Recipe: roast radishes 

Roast radishes, tomatoes and mushrooms
Andrew and I have gone from not liking radishes to loving them. Just as well since this is our first and only crop so far, and we’re harvesting them in abundance!

But apart from raw, is there any other way to eat them? Of course there is!

I decided to try roasting them. If you have a recipe for radishes, please share it in the comments below.

Newly harvested radish

I had heard that roast radishes are delicious. And since I was roasting some vegetables anyway, I decided to throw a few in. I’m glad I did – what a treat!

Roasted, they become tender and moist, lose their sharp peppery edge and take on a mild flavour that is vaguely reminiscent of turnip.

Below is a description of how I cooked them. It isn’t really a recipe as such. It’s more a case of throw what you fancy into a roasting dish with some seasoning and olive oil. Cherry tomatoes and mushrooms are a favourite at Quest for Veg HQ. But you could add red or yellow peppers, for example, vary the amounts of the vegetables used, or leave out the other vegetables and just roast the radishes.

I used dried mixed herbs but you could try a single herb such as thyme or use fresh herbs. You could stir in a crushed garlic clove. Or you could sprinkle over a little lemon juice just before serving.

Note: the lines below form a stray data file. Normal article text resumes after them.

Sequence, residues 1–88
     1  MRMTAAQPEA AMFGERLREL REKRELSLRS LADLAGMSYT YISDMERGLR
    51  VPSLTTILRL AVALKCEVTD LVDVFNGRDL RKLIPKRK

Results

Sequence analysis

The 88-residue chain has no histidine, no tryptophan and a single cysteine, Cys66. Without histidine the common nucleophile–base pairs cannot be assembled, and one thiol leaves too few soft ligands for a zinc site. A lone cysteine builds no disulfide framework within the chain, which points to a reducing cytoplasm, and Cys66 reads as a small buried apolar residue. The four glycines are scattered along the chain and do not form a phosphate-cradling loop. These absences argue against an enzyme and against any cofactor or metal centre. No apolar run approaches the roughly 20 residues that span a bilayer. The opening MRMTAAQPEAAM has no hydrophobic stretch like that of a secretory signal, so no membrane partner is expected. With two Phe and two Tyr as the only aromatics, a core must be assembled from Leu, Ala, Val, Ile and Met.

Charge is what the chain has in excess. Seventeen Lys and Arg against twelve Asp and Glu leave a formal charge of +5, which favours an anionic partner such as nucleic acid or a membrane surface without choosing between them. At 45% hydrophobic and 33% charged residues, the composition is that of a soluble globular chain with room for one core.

But as a starting point, here’s our basic recipe.


Roast vegetables with radishes

Serves 2 as a side dish

200g chestnut mushrooms, halved (or quartered if they are very large)

12 cherry tomatoes

12 radishes

2 tsp dried mixed herbs

Freshly ground black pepper

Sea salt

2 tbsp olive oil

Place the mushroom halves and cherry tomatoes in a shallow roasting dish.

Top and tail the radishes, saving the green leaves, if you have them. Halve the radishes and add them to the roasting dish.

Sprinkle over the herbs, a few twists of black pepper and a little salt. Add the olive oil and give it all a good stir.

Bake on 180C for 15-20 minutes or until the vegetables are shrivelled and softened, and a little brown round the edges. Roughly chop the radish tops (you did keep them, didn’t you?) and stir them through the hot vegetables to wilt them.


And that’s all there is to it! Since the oven was on, I baked a couple of sweet potatoes at the same time.

At the moment, we’re harvesting radish scarlet globe. But we have also sown Unwin’s bright and spicy mix – we can’t wait to try our recipe on the different varieties in this mix.

If you have a favourite way to cook or serve radishes, please let us know.

Our first harvest

Quite unexpectedly, Andrew spotted a radish that looked ready to eat. 

He carefully extracted it from the soil and here it is: the first vegetable to be sown and harvested on the Quest for Veg plot.

Our first harvest was a small radish

Radish Scarlet Globe

We carefully carried this little jewel home to wash it and try it.

I should say at this point that neither Andrew nor I like radishes. I have wondered why we are growing so many. So we were a little bit apprehensive as we sliced into this tiny prize.

Let me tell you, my friends, it was absolutely delicious!

The gleaming, snowy flesh was moist and softly crunchy, the flavour subtle – smooth and creamy at first then gently peppery with vaguely citrus notes. Not at all like radishes as we remembered them.

We can’t wait for the next one!